Legal Corner

Financial and legal aspects of succession
planning for family-owned businesses

By Stephanie M. Smith,
Senior Legal Advisor
USDA Rural Development
Cooperative Programs

s discussed in a prior Legal Corner article about business succession planning (“succession planning,” hereafter), succession planning is key to protecting your company, your family and your employees against monetary burden that could leave your business in financial and legal ruins. For example, if you plan to turn over your business to your children, you have to think about the heavy gift taxes they will face. If you die, your heirs can suffer an equally prohibitive estate tax.

This is a huge issue for many rural communities, and it can have related impacts on members of farmer cooperatives. In addition to their farms, many co-op members also have related businesses (such as custom harvesting or crop application services, etc.) that may operate as family businesses.

If you want to sell your business to employees, either an employee stock option program or a worker cooperative can be organized. (see the January- February 2009 issue of Rural Cooperatives for more on this topic). Lastly, you may decide to sell your firm to a chain or a local competitor. So, where does a business owner start?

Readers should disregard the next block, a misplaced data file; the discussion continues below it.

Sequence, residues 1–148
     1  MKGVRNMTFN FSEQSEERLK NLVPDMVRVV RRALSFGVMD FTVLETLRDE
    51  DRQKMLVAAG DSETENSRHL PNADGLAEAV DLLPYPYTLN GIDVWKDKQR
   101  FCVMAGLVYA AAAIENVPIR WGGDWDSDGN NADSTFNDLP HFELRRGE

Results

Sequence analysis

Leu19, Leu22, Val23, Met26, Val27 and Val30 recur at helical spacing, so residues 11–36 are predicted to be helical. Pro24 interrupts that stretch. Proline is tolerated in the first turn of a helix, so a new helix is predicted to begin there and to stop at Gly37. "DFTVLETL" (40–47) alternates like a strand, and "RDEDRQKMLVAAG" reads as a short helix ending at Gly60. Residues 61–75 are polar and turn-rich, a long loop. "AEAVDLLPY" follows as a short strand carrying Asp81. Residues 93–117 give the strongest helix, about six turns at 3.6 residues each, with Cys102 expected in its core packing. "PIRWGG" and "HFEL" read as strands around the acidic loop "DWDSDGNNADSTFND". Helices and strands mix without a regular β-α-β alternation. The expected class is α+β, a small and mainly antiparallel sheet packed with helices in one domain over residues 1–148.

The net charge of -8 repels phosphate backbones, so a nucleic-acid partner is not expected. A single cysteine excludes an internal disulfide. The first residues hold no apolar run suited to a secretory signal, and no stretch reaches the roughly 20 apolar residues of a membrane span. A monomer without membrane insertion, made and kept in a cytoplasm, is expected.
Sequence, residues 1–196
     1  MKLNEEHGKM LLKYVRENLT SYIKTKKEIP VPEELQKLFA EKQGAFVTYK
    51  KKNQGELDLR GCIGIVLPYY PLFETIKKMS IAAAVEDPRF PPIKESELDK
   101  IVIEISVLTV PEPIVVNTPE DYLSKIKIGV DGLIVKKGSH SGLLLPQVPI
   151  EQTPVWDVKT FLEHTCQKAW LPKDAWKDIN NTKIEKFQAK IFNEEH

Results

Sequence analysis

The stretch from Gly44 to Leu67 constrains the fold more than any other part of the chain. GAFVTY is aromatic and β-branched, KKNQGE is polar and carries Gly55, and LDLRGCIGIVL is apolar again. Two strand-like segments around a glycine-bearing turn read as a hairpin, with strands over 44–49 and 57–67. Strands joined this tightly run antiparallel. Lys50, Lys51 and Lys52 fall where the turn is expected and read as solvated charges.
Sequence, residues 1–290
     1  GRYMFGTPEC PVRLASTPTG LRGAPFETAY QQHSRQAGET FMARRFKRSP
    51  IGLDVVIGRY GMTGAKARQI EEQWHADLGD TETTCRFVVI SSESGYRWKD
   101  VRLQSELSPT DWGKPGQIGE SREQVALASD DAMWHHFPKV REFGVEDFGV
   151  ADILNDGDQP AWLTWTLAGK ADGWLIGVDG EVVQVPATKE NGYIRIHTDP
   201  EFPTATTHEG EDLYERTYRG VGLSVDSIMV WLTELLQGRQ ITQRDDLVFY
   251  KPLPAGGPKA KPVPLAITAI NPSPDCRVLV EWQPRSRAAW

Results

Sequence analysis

Critical issues to consider
Legal framework
Once the financial issues as discussed above are taken into consideration, it must be determined how you will transfer your farm or other family business to the next generation. The structure of your company will be a factor in determining your choice of the transfer method.

Get help, take action!
Keep in mind that many issues arise when a family-owned business embarks upon its possible succession. These include: Before making a final decision, consult legal and financial advisors who are aware of the complexity and sensitivity in business succession planning. They should be able to work as a team with your estate planner to determine the estate tax and other transfer costs, need for liquidity, buysell funding requirements, FLP parameters and the likelihood of sale of the business to outside parties.

However, the skills of your advisors or the importance to your family of business succession planning are meaningless unless you take action. The most important aspect of business succession planning is for the owners to become convinced that they need to take positive steps to avoid having their family business disappear due to a lack of planning. Do not let that happen to your family business — design a succession plan that will successfully move your business from one generation to the next!




November/December Table of Contents